Liferay Screens for Android is composed of a Core, a Screenlet layer, a View layer, Interactors, and Server Connectors. Interactors are technically part of the core, but are worth covering separately. They facilitate interaction with both local and remote data sources, as well as communication between the Screenlet layer and the Liferay Mobile SDK.
Each component is described below.
Core: includes all the base classes for developing other Screens components. It’s a micro-framework that lets developers write their own Screenlets, Views, and Interactors.
Screenlets: Java view classes for inserting into any activity or fragment view hierarchy. They render a selected layout in the runtime and in Android Studio’s visual editor and react to UI events, sending any necessary server requests. You can set a Screenlet’s properties from its layout XML file and Java classes. The Screenlets bundled with Liferay Screens are known collectively as the Screenlet Library.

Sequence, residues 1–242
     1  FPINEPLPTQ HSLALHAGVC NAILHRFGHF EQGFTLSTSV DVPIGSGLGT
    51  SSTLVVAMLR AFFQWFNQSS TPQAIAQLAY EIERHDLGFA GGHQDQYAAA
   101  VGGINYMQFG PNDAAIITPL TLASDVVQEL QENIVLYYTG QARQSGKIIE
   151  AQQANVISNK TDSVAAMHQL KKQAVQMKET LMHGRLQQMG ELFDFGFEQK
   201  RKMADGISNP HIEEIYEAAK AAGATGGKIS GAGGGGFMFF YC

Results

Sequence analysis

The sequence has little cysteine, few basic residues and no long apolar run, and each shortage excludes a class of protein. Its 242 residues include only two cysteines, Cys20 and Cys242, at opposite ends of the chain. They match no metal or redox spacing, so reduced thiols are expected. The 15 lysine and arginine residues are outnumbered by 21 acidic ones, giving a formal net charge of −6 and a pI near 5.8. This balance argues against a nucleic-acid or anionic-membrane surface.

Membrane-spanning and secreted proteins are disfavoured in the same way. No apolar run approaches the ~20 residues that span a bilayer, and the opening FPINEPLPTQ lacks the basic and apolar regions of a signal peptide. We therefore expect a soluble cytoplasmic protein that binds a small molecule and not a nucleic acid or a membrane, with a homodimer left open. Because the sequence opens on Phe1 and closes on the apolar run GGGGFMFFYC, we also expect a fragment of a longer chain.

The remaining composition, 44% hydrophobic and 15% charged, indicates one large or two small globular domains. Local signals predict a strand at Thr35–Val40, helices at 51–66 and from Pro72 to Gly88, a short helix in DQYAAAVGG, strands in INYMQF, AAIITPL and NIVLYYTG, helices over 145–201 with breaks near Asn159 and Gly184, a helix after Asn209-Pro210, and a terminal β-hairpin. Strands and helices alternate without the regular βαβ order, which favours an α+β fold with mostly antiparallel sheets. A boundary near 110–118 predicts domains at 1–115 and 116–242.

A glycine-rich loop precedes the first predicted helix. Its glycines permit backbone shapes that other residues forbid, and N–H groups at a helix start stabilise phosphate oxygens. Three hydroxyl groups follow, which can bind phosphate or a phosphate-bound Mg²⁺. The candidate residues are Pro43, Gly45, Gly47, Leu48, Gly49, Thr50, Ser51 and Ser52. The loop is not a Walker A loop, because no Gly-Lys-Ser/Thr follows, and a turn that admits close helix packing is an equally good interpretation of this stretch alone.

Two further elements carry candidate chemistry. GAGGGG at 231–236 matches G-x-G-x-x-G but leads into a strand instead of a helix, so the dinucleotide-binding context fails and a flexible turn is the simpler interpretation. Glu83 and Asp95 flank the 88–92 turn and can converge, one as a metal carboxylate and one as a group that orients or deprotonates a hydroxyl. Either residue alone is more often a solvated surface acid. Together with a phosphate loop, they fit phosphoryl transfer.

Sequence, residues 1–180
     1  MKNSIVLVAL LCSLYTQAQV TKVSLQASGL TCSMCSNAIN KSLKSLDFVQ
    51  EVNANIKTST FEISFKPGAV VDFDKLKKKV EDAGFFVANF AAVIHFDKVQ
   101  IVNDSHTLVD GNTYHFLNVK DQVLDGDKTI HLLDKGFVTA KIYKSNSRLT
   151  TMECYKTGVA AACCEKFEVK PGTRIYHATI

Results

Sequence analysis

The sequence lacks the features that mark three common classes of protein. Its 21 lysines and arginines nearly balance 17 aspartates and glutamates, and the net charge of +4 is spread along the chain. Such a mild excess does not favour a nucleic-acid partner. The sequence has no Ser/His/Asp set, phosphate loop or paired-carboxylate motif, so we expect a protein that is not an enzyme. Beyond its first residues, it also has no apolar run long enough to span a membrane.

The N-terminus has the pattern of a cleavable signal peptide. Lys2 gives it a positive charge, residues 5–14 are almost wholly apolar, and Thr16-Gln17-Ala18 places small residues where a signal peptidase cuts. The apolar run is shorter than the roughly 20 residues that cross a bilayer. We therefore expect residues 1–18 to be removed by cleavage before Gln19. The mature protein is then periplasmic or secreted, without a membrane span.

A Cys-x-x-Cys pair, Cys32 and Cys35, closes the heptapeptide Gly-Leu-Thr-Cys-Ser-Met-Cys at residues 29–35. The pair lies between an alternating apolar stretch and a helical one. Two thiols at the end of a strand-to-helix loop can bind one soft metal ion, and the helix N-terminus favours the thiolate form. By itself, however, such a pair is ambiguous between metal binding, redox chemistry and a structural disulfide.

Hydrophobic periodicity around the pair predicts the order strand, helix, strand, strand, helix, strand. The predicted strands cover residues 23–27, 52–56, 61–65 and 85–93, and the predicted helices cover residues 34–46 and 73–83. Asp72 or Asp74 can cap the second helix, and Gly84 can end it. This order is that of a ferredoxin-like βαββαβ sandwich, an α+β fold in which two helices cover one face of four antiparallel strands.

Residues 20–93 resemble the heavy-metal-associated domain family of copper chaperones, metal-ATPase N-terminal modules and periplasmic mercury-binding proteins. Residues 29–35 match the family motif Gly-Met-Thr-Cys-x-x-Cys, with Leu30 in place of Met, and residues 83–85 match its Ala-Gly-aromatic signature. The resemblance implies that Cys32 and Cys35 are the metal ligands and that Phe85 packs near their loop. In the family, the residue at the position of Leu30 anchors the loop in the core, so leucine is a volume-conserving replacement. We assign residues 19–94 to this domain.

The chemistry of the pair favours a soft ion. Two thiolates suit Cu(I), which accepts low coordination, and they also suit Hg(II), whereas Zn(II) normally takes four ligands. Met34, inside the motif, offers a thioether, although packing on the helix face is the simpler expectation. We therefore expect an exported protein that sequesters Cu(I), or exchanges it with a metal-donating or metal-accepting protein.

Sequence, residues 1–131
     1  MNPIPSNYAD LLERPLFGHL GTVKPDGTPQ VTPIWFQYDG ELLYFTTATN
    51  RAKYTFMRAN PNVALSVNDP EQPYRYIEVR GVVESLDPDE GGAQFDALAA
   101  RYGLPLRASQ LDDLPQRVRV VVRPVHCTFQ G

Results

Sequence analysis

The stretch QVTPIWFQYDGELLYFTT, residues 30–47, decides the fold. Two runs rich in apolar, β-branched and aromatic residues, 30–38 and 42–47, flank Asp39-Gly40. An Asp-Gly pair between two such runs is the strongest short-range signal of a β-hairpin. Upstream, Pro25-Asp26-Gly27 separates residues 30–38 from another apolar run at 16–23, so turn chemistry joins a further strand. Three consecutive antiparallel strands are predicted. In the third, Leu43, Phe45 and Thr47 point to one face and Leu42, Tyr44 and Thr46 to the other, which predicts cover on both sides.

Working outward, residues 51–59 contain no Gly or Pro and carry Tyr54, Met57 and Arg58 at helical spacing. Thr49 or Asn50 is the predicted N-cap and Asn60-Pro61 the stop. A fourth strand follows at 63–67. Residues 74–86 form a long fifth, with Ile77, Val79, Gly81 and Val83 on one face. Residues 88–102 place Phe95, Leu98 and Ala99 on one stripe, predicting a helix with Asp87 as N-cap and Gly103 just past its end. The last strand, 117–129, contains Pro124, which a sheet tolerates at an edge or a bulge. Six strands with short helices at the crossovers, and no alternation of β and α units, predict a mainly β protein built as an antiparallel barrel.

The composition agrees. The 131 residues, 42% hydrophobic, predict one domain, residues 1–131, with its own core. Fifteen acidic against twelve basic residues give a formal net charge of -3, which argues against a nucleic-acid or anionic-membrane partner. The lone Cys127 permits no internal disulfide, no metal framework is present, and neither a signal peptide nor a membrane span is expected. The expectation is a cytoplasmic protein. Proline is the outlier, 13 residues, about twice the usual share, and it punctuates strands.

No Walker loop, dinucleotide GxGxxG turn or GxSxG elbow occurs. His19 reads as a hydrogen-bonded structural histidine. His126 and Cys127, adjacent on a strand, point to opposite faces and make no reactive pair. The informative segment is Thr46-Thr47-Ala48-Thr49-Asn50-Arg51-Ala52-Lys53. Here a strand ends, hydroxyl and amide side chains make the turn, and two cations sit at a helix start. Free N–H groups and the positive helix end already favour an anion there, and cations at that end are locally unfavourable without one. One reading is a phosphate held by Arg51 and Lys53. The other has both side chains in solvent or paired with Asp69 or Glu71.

Server Connectors: a collection of classes that interact with different Liferay DXP versions. These classes abstract away the complexity of communicating with different versions. This allows the developer to call API methods and the correct Interactor without worrying about the specific Liferay DXP version.
Interactors: implement specific use cases for communicating with servers. They can use local and remote data sources. Most Interactors use the Liferay Mobile SDK to exchange data with a Liferay instance. If a user action or use case needs to execute more than one query on a local or remote store, the sequence is done in the corresponding Interactor. If a Screenlet supports more than one user action or use case, an Interactor must be created for each. Interactors are typically bound to one specific Liferay version, and instantiated by a Server Connector. Interactors run in a background thread and can therefore perform intensive operations without blocking the UI thread.
Views: a set of layouts and accompanying custom view classes that present Screenlets to the user.
Next, the core layer is described in detail.